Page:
Air leak cost Alonso the chance to race Mercedes in Canada

Alpine Formula 1 boss Otmar Szafnauer says an air leak in Fernando Alonso’s power unit cost the Spaniard a chance to fight against Mercedes in Sunday's Canadian Grand Prix.

Air leak cost Alonso the chance to race Mercedes in Canada
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Alonso qualified second in the wet on Saturday in Montreal but in the race he slipped back to seventh on the road behind teammate Esteban Ocon.

Szafnauer believes that had Alonso not been hit by the issue, which compromised his straight-line performance from around Lap 20, he could have fought with Lewis Hamilton and George Russell for a place on the podium.

Alonso also lost out by making his first pitstop under green flag conditions, having just missed the pit entry when a VSC came out and gave several rivals a cheap stop.

In the latter part of the race, Alonso found himself behind Ocon, who helped him gain DRS to stay ahead of the pursuing Alfa Romeo of Valtteri Bottas. Although Alonso kept the Alfa driver behind, he was called to the stewards for weaving in front of the Finn, and was dropped back to ninth in the final results with a time penalty.

“Good points, but without the safety cars, I think it could have been a little bit better,” said Szafnauer. “The pace of the car in the wet was good. The pace of the car in the dry, we thought we would be not as fast as the Ferraris and Red Bulls, but about as fast as the Mercedes.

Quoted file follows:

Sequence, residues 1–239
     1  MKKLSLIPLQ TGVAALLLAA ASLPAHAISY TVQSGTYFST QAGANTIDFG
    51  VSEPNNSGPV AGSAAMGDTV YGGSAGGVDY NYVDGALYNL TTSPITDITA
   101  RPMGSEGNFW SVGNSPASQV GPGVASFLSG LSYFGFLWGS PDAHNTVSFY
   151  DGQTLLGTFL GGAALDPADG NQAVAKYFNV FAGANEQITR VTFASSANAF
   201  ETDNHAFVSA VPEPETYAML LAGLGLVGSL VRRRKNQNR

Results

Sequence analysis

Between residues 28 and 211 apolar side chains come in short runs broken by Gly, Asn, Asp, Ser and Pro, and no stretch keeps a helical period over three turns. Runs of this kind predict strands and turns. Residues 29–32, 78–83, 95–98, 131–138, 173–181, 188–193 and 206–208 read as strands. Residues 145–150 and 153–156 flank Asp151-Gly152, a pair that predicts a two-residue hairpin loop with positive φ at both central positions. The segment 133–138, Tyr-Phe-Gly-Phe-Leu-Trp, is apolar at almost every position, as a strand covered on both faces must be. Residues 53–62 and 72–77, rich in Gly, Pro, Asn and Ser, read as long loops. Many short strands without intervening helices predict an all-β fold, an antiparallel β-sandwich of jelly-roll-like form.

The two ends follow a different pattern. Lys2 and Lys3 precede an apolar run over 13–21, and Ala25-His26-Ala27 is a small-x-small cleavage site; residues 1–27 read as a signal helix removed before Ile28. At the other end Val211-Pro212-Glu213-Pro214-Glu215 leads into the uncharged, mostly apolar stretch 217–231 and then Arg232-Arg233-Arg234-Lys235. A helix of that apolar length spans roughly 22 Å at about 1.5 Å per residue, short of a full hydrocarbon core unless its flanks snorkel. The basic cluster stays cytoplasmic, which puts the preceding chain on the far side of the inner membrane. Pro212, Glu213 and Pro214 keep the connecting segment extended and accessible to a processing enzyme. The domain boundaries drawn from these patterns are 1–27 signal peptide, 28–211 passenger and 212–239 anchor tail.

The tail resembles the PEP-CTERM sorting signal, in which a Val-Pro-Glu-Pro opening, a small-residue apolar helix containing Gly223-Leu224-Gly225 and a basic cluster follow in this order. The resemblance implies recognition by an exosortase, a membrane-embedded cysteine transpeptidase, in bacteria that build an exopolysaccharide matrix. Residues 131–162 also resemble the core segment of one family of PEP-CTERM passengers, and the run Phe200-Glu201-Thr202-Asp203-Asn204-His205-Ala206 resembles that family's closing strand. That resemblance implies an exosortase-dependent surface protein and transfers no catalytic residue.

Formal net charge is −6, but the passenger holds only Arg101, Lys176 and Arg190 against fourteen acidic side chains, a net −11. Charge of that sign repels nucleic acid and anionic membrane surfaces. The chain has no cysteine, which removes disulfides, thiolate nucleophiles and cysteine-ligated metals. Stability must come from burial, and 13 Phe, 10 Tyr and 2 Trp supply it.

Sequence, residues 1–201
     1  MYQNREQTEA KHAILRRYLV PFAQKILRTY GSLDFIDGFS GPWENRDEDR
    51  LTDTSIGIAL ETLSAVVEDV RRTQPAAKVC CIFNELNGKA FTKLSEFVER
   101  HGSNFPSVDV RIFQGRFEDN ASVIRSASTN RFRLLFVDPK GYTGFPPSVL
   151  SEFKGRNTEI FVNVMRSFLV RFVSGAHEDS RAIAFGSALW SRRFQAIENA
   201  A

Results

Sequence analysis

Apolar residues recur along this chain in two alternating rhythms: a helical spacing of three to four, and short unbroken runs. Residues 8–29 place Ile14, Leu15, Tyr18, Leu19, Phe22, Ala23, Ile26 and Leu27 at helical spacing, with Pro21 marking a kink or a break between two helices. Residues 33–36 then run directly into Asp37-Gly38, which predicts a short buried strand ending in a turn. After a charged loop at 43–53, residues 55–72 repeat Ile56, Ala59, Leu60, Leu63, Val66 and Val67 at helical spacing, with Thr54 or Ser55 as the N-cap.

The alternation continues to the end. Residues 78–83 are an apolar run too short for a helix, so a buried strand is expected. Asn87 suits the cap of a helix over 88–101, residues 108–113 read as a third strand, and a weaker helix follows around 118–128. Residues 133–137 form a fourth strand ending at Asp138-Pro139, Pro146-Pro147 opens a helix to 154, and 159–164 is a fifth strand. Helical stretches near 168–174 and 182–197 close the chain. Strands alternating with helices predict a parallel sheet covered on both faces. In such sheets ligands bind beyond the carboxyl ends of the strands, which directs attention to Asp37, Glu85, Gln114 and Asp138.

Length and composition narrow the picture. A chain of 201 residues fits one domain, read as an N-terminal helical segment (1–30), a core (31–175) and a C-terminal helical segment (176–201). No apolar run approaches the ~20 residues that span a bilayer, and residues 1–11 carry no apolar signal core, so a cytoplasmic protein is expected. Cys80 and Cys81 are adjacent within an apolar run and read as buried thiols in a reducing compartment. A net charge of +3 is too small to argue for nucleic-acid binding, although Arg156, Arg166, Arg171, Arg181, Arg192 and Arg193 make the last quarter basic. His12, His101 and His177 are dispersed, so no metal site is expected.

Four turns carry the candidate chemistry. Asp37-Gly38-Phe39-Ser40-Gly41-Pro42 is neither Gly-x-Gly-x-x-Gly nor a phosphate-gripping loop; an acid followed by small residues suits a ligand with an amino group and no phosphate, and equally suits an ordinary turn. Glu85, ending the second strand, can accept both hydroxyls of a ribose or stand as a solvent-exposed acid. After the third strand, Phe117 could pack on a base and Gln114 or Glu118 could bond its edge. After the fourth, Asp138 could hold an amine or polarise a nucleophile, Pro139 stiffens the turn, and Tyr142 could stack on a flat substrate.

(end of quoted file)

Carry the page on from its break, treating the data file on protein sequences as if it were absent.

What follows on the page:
“And as it turned out, the Mercedes got us because of some circumstance. But in the championship overall, we're not going to beat them, we have to be realistic, we're not going to finish third.

“So with those that we're fighting for fourth, I'm really happy, we scored a lot of points.”

When asked about the power unit problem with Alonso, Szafnauer said: “We had a bit of an issue on Fernando's car, which is why he finished behind Esteban.

“We don't know what it is yet. But it looks like it was an air leak somewhere. But from where, I don't know.

“That manifested itself in some higher temperatures, and then you had to manage, and so we were limited down the straight. Thank God it wasn't big enough where we stopped.”

Fernando Alonso, Alpine A522

Fernando Alonso, Alpine A522

Photo by: Andy Hone / Motorsport Images

After the race, Alonso rued that the team’s problems always seem to afflict his car but Szafnauer downplayed his concerns.

“I'm not sure it always happens to him,” he said. “I'm sure it feels that way. But I'm not sure that's right.”

In the closing laps Alonso was keen to get past Ocon, claiming that he had been “a hundred times faster” during the weekend.

Szafnauer said it was not hard for the team to make the call to ensure that the drivers held station: “I mean, we were fifth and sixth, right? So what do you want to do, allow them to race or swap them to be fifth and sixth again?

“I'm all in favour of allowing him to race, but you've got to remember Fernando had a powertrain issue, he had a leak that caused him to not have the straightline speed. And Esteban graciously waited for him so we could have a DRS train, which is the right thing.”

Fernando Alonso, Alpine A522

Fernando Alonso, Alpine A522

Photo by: Carl Bingham / Motorsport Images

Szafnauer said the team had no firm explanation as to why Alonso was so quick in wet qualifying, but says the team intends to learn from the experience.

“Even with all the computers that we have, we got so many of them, we're still looking to understand the differences,” he said. “But part of the reason is, he was great in the wet, and put a good lap time in. He was also quick on Friday as well, we had good long run pace too.

“A lot of that is circumstances, when you're out there is the track drying, are the others out there at the same time? So there are a lot of variables to be able to look at and understand.”

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